Published on Jun 21, 2018in European Heart Journal23.24
Marie-Jeanne Buscot3
Estimated H-index: 3
(UTAS: University of Tasmania),
Russell Thomson27
Estimated H-index: 27
(USYD: University of Sydney)
+ 7 AuthorsCostan G. Magnussen32
Estimated H-index: 32
(UTAS: University of Tasmania)
Aims: The relationship between life-course body mass index (BMI) trajectories and adult risk for cardiovascular disease (CVD) is poorly described. In a longitudinal cohort, we describe BMI trajectories from early childhood to adulthood and investigate their association with CVD risk factors [Type 2 diabetes mellitus (T2DM), high-risk lipid levels, hypertension, and high carotid intima-media thickness (cIMT)] in adulthood (34-49 years). Methods and results: Six discrete long-term BMI trajectories...
Published on Jul 1, 2016in European Heart Journal23.24
Børge G. Nordestgaard115
Estimated H-index: 115
(Copenhagen University Hospital),
Anne Langsted15
Estimated H-index: 15
(Copenhagen University Hospital)
+ 18 AuthorsJan Borén64
Estimated H-index: 64
(Sahlgrenska University Hospital)
Aims To critically evaluate the clinical implications of the use of non-fasting rather than fasting lipid profiles and to provide guidance for the laboratory reporting of abnormal non-fasting or fasting lipid profiles. Methods and results Extensive observational data, in which random non-fasting lipid profiles have been compared with those determined under fasting conditions, indicate that the maximal mean changes at 1–6 h after habitual meals are not clinically significant [+0.3 mmol/L (26 mg/d...
Published on Jun 2, 2015in European Heart Journal23.24
Julian Ayer15
Estimated H-index: 15
(USYD: University of Sydney),
Marietta Charakida25
Estimated H-index: 25
(UCL: University College London)
+ 1 AuthorsDavid S. Celermajer87
Estimated H-index: 87
(USYD: University of Sydney)
In a recent report, the worldwide prevalence of childhood obesity was estimated to have increased by 47% between 1980 and 2013. As a result, substantial concerns have been raised about the future burden of cardiovascular (CV) disease that could ensue. The purpose of this review is to summarize and interpret (i) the evidence linking early life obesity with adverse changes in CV structure and function in childhood, (ii) the lifetime risk for CV disease resulting from obesity in childhood, and (iii...
Published on Dec 1, 2014in Reviews in Endocrine & Metabolic Disorders5.52
Patrick Mathieu46
Estimated H-index: 46
Marie-Chloé Boulanger17
Estimated H-index: 17
Jean-Pierre Després110
Estimated H-index: 110
Worldwide, cardiovascular diseases (CVDs) are a leading cause of mortality. While in many westernized societies there has been a decrease prevalence of smoking and that a special emphasis has been put on the urgency to control the, so called, classical risk factors, it is more and more recognized that there remains a residual risk, which contributes to the development of CVDs. Imaging studies conducted over two decades have highlighted that the accumulation of ectopic visceral fat is associated ...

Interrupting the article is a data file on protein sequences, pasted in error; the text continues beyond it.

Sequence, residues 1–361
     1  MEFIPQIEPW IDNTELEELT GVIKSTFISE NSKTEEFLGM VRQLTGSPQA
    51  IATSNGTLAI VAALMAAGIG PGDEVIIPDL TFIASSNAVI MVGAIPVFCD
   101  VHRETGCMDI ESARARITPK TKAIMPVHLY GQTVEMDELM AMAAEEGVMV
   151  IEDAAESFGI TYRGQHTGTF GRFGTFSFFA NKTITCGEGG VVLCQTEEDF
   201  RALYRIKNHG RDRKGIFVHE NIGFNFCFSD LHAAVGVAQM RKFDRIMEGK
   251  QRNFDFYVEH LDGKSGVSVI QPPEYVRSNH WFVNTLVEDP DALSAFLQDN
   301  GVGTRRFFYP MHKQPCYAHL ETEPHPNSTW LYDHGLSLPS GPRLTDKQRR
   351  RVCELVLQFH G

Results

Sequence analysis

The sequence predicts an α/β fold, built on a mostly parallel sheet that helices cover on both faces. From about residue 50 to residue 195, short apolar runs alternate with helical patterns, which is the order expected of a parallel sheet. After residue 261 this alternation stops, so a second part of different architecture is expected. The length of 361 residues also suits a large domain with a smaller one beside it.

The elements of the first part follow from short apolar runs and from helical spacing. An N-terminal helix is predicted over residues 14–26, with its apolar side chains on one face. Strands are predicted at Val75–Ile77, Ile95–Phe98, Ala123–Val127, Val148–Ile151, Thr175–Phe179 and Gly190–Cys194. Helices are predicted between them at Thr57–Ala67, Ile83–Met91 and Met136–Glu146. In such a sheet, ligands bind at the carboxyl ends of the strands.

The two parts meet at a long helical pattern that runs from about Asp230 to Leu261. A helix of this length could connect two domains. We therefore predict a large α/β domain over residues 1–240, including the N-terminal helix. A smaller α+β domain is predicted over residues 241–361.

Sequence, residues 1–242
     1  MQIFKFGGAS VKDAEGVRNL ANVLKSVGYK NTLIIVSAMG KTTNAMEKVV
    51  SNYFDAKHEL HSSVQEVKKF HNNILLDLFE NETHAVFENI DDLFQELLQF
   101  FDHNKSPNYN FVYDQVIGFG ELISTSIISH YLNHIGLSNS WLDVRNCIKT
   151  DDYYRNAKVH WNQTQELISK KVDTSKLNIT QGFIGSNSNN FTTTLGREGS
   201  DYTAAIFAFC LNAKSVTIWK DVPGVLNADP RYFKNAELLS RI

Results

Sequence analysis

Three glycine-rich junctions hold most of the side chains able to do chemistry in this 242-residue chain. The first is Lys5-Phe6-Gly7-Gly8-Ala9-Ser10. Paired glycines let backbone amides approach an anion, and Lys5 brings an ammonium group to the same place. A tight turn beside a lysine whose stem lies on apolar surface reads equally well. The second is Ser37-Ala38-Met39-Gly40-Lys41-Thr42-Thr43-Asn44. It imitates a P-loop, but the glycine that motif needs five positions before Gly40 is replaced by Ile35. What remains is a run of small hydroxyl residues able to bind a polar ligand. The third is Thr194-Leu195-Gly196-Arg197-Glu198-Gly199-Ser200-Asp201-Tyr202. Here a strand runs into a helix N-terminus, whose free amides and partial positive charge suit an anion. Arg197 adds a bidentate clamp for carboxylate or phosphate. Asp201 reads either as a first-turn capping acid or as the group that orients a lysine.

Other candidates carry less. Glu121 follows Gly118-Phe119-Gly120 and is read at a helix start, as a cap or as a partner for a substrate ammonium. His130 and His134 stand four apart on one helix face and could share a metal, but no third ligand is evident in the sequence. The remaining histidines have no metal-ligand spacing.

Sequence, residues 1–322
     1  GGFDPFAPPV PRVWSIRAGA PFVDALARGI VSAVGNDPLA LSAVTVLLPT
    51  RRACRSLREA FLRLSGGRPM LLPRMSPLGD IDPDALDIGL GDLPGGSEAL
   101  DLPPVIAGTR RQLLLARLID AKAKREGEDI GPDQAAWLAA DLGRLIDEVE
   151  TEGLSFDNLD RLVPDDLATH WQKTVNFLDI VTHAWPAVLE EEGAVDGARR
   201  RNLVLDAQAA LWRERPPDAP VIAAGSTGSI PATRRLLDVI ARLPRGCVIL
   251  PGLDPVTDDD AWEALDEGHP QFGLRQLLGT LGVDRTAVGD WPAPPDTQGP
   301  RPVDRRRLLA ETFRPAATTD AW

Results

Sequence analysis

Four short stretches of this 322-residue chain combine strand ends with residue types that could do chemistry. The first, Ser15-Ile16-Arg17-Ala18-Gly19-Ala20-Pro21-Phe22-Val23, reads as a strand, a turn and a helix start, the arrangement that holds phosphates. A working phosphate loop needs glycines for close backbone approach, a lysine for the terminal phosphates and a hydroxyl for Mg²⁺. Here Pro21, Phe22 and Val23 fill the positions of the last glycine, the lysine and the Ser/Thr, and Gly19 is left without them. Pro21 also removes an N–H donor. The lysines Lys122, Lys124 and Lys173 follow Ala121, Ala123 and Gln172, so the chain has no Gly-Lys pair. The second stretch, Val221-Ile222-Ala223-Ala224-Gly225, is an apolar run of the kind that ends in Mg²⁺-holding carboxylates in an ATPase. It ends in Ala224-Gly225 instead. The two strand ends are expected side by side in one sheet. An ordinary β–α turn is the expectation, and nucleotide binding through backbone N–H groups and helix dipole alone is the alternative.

Published on Aug 1, 2014in The Lancet59.10
Marie Ng27
Estimated H-index: 27
Tom P. Fleming42
Estimated H-index: 42
+ 137 AuthorsSemaw Ferede Abera35
Estimated H-index: 35
(College of Health Sciences, Bahrain)
Summary Background In 2010, overweight and obesity were estimated to cause 3·4 million deaths, 3·9% of years of life lost, and 3·8% of disability-adjusted life-years (DALYs) worldwide. The rise in obesity has led to widespread calls for regular monitoring of changes in overweight and obesity prevalence in all populations. Comparable, up-to-date information about levels and trends is essential to quantify population health effects and to prompt decision makers to prioritise action. We estimate th...
Published on Nov 11, 2013in PLOS ONE2.78
Katie Goodwin2
Estimated H-index: 2
(U of T: University of Toronto),
Catriona Syme13
Estimated H-index: 13
(U of T: University of Toronto)
+ 7 AuthorsZdenka Pausova41
Estimated H-index: 41
(U of T: University of Toronto)
Objective : Visceral fat (VF) increases cardiometabolic risk more than fat stored subcutaneously. Here, we investigated how well routine clinical measures of adiposity, namely body mass index (BMI) and waist circumference (waist), predict VF and subcutaneous fat (SF) in a large population-based sample of adolescents. As body-fat distribution differs between males and females, we performed these analyses separately in each sex. Design and Methods : VF and SF were measured by magnetic resonance im...
Published on Jun 1, 2013in Hypertension7.02
Ben Corden3
Estimated H-index: 3
Niall G. Keenan13
Estimated H-index: 13
+ 7 AuthorsDeclan P. O’Regan12
Estimated H-index: 12
Obesity is a major risk factor for cardiometabolic disease, but the effect of body composition on vascular aging and arterial stiffness remains uncertain. We investigated relationships among body composition, blood pressure, age, and aortic pulse wave velocity in healthy individuals. Pulse wave velocity in the thoracic aorta, an indicator of central arterial stiffness, was measured in 221 volunteers (range, 18–72 years; mean, 40.3±13 years) who had no history of cardiovascular disease using card...